Gremlin Snippets are typically short and fun dissections of some aspect of the Gremlin language. For a full list of all steps in the Gremlin language see the Reference Documentation of Apache TinkerPop™. This snippet is based on Gremlin 3.4.6.This snippet demonstrates its lesson using the data of the "modern" toy graph (image).Please consider bringing any discussion or questions about this snippet to the Gremlin Users Mailing List.

Gremlin can generate Map instances that have keys that are themselves of type Map. This situation is often encountered when doing a groupCount() using a graph element like Vertex and then converting that Vertex to a Map:

gremlin> g.V().both().groupCount()
gremlin> g.V().both().groupCount().by(elementMap()).unfold()
==>{id=5, label=software, name=ripple, lang=java}=1
==>{id=2, label=person, name=vadas, age=27}=1
==>{id=4, label=person, name=josh, age=32}=3
==>{id=3, label=software, name=lop, lang=java}=3
==>{id=1, label=person, name=marko, age=29}=3
==>{id=6, label=person, name=peter, age=35}=1

Unfortunately, not every programming language allows a Map to have such a key and, as a result, a traversal that works perfectly well in the Gremlin Console (using Groovy) ends up not working in another programming language despite the Gremlin being identical. Python is one such language that has this limitation. In Python a dict can only have a key that is a hashable type and dict itself is not. As a result a TypeError occurs in Python when trying to execute that previous traversal.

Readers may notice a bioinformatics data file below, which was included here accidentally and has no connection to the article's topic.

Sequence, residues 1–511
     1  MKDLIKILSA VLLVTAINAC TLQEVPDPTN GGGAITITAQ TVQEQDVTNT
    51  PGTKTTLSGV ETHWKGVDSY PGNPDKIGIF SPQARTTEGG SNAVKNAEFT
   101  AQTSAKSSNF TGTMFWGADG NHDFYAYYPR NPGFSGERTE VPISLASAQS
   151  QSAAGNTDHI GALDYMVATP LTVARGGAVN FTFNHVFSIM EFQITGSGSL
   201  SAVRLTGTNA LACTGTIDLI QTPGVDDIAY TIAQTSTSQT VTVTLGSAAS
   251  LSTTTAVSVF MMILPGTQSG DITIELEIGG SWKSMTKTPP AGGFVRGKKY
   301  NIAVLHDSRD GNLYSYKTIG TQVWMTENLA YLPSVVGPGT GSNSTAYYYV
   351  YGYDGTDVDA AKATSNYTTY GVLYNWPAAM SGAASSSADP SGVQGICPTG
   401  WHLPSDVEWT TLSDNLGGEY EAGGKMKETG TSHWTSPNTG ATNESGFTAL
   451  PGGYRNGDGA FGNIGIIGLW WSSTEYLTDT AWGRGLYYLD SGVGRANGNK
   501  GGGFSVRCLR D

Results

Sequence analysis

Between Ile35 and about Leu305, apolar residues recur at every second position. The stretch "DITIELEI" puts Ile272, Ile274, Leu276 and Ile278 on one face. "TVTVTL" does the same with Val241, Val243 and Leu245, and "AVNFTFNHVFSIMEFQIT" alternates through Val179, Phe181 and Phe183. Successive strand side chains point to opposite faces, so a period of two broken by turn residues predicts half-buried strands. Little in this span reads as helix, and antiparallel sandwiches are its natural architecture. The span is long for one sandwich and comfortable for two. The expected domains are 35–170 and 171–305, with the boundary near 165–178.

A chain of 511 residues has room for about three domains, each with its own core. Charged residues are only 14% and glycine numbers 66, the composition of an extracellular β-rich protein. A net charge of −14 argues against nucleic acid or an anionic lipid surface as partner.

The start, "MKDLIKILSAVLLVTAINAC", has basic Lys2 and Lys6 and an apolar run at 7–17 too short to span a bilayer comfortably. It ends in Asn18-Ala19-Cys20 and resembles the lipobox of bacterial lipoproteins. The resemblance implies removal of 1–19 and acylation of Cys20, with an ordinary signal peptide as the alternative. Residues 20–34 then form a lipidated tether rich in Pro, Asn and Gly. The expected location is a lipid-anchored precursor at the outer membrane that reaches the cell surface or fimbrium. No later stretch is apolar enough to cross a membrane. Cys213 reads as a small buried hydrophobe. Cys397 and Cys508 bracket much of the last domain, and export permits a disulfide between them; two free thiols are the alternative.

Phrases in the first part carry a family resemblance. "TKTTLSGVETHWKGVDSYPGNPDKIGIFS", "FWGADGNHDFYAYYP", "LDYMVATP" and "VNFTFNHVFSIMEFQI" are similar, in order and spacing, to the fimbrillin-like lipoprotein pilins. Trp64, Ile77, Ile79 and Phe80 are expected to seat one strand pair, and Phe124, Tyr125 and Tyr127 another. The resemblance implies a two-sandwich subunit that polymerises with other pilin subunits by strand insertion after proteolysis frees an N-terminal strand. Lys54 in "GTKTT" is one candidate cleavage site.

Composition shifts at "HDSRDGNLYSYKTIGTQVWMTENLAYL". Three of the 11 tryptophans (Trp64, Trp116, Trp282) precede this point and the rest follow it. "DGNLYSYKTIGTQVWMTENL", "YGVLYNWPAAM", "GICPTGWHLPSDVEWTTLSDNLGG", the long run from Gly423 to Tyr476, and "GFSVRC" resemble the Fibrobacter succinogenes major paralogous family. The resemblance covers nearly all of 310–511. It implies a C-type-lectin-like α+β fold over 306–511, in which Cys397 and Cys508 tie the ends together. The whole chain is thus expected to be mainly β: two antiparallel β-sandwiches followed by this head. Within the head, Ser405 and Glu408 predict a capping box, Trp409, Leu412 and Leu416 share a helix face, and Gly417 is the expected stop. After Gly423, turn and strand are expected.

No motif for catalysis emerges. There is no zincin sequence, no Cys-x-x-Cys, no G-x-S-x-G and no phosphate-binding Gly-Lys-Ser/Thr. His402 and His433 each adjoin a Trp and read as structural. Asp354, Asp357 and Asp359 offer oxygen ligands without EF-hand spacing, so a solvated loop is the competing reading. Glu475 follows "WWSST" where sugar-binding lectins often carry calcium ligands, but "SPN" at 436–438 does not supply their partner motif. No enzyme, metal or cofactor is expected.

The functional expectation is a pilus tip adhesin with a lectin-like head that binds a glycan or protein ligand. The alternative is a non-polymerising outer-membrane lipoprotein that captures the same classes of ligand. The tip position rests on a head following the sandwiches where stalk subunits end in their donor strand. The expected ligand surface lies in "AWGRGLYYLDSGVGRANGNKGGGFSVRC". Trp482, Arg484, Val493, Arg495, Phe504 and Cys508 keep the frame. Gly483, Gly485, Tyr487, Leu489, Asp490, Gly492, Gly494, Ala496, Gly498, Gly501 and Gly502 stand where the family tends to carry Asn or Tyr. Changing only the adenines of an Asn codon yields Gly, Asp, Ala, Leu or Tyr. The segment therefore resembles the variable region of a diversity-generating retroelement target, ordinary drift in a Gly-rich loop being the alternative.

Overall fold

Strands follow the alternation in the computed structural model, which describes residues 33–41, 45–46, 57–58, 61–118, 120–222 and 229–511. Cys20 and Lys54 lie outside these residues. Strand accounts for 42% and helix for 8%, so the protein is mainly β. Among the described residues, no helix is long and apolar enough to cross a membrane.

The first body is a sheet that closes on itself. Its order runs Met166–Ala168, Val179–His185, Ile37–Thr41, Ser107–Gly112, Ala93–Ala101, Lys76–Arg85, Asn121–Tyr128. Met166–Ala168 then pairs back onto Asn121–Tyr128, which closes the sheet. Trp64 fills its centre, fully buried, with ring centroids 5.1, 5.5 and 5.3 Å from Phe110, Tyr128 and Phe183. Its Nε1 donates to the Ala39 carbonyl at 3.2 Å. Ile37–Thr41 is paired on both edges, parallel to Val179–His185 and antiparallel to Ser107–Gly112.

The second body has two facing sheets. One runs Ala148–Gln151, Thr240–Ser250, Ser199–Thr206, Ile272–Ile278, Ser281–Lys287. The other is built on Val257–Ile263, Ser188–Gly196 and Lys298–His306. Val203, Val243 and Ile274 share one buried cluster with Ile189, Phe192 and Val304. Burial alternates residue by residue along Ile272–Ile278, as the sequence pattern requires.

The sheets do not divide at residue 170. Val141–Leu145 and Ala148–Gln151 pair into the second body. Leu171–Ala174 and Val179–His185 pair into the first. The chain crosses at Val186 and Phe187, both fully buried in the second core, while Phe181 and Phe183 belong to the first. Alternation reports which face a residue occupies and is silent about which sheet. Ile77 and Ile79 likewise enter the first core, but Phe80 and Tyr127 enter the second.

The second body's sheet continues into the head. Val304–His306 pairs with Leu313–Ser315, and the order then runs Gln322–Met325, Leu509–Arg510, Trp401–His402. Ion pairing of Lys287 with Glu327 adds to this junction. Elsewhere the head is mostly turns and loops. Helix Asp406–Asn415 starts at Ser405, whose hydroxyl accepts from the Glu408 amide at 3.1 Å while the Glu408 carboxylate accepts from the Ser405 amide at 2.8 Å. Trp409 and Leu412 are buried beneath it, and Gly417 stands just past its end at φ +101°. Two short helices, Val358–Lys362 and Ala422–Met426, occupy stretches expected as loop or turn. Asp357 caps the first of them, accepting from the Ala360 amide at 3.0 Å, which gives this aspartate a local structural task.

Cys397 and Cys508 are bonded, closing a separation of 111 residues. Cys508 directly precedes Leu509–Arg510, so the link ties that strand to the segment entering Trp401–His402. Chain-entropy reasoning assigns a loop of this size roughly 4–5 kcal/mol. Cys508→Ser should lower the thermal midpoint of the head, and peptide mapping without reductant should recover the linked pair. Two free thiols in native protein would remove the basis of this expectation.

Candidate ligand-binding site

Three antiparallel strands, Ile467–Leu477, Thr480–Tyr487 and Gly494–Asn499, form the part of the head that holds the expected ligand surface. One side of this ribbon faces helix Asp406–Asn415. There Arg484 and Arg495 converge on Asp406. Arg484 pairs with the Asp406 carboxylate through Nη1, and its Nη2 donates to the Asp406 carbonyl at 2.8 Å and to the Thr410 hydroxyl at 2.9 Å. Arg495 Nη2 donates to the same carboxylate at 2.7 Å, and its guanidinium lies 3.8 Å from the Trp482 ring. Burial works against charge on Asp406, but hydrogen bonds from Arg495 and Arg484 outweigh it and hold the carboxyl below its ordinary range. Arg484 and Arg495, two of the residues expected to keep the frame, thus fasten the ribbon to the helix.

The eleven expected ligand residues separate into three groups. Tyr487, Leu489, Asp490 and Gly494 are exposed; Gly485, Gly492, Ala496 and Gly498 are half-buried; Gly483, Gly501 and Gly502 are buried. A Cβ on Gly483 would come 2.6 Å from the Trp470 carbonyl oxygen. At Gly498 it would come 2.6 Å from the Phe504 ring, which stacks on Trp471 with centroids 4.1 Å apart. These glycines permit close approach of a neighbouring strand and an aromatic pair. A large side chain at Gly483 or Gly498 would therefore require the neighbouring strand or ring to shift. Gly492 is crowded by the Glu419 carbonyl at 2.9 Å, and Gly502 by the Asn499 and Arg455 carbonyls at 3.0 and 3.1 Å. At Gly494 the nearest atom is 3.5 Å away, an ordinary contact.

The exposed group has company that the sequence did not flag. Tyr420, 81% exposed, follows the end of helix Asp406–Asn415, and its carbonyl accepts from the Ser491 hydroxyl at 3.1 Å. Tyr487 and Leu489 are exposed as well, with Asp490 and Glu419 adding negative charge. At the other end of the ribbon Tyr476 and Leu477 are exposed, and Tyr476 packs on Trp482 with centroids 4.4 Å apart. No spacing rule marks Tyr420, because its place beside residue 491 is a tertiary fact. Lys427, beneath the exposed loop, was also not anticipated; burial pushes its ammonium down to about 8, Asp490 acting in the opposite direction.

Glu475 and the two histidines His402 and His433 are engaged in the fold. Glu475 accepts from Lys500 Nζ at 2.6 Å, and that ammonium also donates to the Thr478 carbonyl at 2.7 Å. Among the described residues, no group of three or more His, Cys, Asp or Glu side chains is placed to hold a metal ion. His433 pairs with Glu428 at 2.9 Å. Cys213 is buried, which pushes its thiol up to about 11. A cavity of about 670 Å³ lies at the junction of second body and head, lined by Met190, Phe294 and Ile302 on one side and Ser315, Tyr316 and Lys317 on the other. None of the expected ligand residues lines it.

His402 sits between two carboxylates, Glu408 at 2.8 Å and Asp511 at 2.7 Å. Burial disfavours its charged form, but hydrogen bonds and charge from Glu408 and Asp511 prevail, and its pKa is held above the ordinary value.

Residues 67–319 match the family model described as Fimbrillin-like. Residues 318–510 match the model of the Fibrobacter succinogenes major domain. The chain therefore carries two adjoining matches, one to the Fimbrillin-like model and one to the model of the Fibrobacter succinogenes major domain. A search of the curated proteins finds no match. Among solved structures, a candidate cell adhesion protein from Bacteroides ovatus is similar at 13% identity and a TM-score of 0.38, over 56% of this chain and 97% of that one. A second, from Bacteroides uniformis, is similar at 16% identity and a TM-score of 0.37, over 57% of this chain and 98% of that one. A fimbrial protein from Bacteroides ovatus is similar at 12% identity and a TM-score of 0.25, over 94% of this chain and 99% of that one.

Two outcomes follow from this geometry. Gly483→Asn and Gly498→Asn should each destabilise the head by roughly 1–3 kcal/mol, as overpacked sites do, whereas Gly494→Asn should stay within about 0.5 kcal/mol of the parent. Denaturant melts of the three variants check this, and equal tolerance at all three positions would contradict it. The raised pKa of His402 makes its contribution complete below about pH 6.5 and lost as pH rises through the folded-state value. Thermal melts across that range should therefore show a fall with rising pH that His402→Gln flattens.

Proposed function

Luckily, Gremlin is a flexible language with many steps that can help you manipulate collections. It merely takes a bit of creativity to solve the problem. For Python and this particular case, we just need to transform the result to something that Python can handle - a list of list:

gremlin> g.V().both().elementMap().groupCount().
......1>   unfold().
......2>   map(union(select(keys),select(values)).fold())

In the above case, we convert each Map into a List by way of union() where we grab the keys for the first item in the List and the values for the second item in the List, basically creating a list of pairs. This case was only meant to be an example and other solutions abound. The point is that there are times where you may need to reformulate your result to meet the needs of your host language. Gremlin makes doing that quite straightforward.